Fashion designs are copied freely by many. Once Michelle Obama’s Jason Wu inauguration gown appeared on TV, knockoffs soon appeared in stores that offer them. The problem is that current laws offer little intellectual property protection for fashion designs. Let’s take a look at why:
Trademarks protect the designer’s use of the logos, name, or other symbols on fashion items. This includes the polo symbol for Ralph Lauren, or Louis Vuitton’s “LV” abbreviation. However, trademark law only protects these symbols and names, and does not protect against the clothing’s overall design.
Trade dresses protect the visual appearance of a product. Often, it protects the unique shape or look and feel of the product, like the shape of the Gatorade bottle or the style of the cover of Time Magazine. Trade dress sounds great for protecting the overall clothing design of a handbag or skirt.
The problem is that the United States Supreme Court severely limited the extent of trade dress protection. In Wal-Mart Stores, Inc. v. Samara Brothers, Inc., the court ruled that trade dresses are only available to products that have acquired distinctiveness. A product is distinct “if it has developed secondary meaning, which occurs when, in the minds of the public, the primary significance of a [mark] is to identify the source of the product rather than the product itself.” Wal-Mart Stores v. Samara Bros., 529 U.S. 205, 211 (2000). This means that to obtain a trade dress on a fashion design, the average consumer must be able to identify the designer just by looking at the particular fashion design.
This is a very high standard. Can you tell who is the designer when you look at a pair of blue jeans? A black handbag with no designs on it, for example, would look too similar to other black handbags to be considered “distinct.” Thus, trade dress protection has not been effective in protecting fashion designs.
Patents are generally for technological inventions. A special type of patent, called a design patent, can provide protections for ornamental designs. These design patents also have to satisfy normal patent requirements in that the ornamental designs have to be novel and non-obvious. The non-obvious element is a high bar to meet, since the United States Patent and Trademark Office has to do an extensive search to make sure no one has used your design before or an obvious variation thereof.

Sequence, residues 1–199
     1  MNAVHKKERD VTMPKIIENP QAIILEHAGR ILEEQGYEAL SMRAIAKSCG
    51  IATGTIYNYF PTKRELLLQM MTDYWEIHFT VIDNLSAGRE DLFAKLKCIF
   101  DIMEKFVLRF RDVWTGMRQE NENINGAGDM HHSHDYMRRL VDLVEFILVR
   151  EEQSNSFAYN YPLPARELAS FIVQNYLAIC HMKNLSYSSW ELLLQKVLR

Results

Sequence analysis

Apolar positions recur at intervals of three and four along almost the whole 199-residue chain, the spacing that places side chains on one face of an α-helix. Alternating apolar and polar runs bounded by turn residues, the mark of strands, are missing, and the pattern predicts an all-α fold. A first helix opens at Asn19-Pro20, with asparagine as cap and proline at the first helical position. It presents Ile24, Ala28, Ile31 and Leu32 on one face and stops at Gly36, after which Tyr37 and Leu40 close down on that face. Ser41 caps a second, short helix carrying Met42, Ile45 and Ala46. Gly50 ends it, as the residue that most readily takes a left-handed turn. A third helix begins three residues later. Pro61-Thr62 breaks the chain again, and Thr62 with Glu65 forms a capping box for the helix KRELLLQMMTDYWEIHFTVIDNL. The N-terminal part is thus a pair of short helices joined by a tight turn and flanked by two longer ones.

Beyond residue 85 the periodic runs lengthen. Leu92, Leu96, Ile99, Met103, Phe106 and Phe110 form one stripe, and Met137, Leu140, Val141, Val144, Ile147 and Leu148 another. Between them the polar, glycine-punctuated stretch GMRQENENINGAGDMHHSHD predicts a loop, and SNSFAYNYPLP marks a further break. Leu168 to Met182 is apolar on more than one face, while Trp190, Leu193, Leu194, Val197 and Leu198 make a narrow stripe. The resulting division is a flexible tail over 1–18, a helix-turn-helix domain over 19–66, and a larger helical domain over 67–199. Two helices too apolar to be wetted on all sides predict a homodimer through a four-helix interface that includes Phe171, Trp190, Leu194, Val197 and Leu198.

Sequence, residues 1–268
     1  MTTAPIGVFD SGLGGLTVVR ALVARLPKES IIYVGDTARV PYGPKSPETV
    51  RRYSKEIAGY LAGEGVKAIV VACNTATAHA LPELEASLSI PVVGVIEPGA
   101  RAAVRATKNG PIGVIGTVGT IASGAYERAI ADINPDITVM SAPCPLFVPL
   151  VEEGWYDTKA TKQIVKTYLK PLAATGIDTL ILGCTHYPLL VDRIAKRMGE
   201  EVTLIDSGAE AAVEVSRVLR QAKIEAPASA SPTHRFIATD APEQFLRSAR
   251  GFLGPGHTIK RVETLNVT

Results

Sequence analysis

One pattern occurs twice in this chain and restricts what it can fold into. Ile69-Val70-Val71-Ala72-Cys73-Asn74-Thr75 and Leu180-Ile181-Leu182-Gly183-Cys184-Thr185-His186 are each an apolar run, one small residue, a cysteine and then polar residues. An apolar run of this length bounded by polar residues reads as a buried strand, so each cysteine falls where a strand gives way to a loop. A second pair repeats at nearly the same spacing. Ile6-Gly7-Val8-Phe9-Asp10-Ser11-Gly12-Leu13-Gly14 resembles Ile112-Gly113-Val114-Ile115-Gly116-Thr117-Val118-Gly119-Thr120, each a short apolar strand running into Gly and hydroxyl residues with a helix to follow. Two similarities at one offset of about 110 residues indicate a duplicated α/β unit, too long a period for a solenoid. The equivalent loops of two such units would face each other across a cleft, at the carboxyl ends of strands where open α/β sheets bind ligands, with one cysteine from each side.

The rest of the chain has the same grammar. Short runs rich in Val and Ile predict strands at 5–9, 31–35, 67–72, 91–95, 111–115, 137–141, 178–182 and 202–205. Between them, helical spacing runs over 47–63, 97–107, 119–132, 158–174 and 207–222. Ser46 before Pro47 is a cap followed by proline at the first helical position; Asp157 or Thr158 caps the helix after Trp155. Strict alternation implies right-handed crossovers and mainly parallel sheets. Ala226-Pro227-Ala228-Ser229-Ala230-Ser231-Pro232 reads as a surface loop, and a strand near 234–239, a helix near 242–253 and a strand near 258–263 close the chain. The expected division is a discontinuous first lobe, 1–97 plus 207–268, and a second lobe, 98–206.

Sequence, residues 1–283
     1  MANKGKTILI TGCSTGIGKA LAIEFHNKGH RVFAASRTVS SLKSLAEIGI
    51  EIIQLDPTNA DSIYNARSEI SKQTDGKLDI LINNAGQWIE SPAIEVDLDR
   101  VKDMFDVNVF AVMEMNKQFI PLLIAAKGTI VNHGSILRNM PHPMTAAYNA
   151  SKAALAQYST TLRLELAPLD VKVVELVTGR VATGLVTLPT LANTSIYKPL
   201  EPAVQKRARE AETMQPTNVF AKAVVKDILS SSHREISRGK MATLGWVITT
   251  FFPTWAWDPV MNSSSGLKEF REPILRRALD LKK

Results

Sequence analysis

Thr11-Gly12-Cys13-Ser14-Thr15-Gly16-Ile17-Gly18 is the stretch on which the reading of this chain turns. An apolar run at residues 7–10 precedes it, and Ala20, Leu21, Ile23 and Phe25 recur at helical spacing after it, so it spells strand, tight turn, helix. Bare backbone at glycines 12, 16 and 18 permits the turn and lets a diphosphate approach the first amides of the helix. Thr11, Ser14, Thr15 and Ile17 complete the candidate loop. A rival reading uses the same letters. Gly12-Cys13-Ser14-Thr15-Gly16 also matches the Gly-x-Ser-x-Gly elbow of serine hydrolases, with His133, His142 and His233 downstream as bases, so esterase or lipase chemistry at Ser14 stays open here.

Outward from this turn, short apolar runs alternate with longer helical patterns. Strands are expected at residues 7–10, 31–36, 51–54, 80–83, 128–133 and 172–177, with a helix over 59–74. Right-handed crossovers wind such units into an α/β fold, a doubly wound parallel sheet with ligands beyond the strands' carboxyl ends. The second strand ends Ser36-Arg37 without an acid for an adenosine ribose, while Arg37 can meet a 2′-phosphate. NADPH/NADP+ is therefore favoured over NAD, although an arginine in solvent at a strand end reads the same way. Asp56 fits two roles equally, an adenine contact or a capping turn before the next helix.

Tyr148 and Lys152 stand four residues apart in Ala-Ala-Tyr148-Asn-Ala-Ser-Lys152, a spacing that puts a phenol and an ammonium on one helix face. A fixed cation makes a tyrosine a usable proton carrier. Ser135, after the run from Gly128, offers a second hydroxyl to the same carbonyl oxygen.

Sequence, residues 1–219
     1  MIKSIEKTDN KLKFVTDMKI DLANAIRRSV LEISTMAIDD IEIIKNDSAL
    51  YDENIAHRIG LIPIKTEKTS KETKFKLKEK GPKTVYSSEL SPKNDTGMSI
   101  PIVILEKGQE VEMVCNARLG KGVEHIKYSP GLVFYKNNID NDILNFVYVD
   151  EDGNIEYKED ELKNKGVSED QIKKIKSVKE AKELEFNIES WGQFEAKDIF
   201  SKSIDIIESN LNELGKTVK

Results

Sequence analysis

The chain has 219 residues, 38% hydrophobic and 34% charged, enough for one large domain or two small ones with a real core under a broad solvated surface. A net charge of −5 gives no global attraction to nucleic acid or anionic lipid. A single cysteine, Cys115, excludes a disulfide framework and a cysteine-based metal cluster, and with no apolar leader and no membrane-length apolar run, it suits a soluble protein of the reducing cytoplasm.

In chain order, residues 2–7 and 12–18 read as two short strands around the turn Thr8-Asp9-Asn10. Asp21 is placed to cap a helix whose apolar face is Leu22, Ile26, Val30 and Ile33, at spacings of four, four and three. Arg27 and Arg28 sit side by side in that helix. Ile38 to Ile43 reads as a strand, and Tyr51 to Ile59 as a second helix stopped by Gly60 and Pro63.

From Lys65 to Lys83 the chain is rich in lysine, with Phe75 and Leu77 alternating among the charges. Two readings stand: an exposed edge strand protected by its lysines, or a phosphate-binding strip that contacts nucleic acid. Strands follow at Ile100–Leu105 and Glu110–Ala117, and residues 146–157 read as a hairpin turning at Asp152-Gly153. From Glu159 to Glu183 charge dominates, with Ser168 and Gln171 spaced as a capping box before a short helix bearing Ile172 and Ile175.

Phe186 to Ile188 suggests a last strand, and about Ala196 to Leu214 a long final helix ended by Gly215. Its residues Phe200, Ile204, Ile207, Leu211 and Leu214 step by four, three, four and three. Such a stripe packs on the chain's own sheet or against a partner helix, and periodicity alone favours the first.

Another big problem with patents is cost. Patent prosecution filing fees and attorneys’ fees can total tens of thousands of dollars. Not only that, patents take time. By the time you receive the patent, a trend or style may have passed. When you have a product line of 100 different dresses every season, it is impractical to obtain design patents on all of them.
Copyright law, which we often think of as protecting authors of books, also protects pictures, drawings, photos, and other works of art. The problem is the useful article doctrine in copyright law, which states that copyright protection only applies if the art is separate from the utilitarian aspects.
This doctrine is confusing and vague, as it is hard to determine what is truly considered “separate.” For example, if a t-shirt has a unique design on it, some would say this is not physically separable. After all, you cannot physically just cut out the design because then you would have a big hole in your t-shirt. Others take a more abstract approach, arguing that conceptually, the design on the shirt could stand on its own as a work of art. This doctrine is confusing and many cases have indeed held that clothing is too “useful” such that the function cannot be separated. For now, it looks like copyright protection will not work either.
Contract law, through the use of confidentiality agreements or non-disclosure agreements, may be useful in keeping your designs secret. However, this only lasts until you open it to the public. Once the public sees it, the design may be lost.
Some other precautions may be taken. Many designers and companies put up signs asking customers not to take pictures in the store. Early in the development, you can ask photographers to sign an agreement not to copy or share. Other fashion companies ask that their buyers to agree not to make further copies or similar copies of their designs.
For now, fashion designers face great difficulties in protecting their designs, leading them to often come out with new ones and to create new trends. In Europe, the laws provide that designers may obtain protection for 3 years if unregistered, and 25 years if registered. The fashion industry have been fighting for decades here in the United States, with over 80 proposed amendments since 1910, though all have failed. The current proposal (Design Protection and Piracy Prevent Act) calls for designers to register their designs within 6 months, but neither versions of the bill look optimistic as both have been placed on calendar for over a year with no action taken.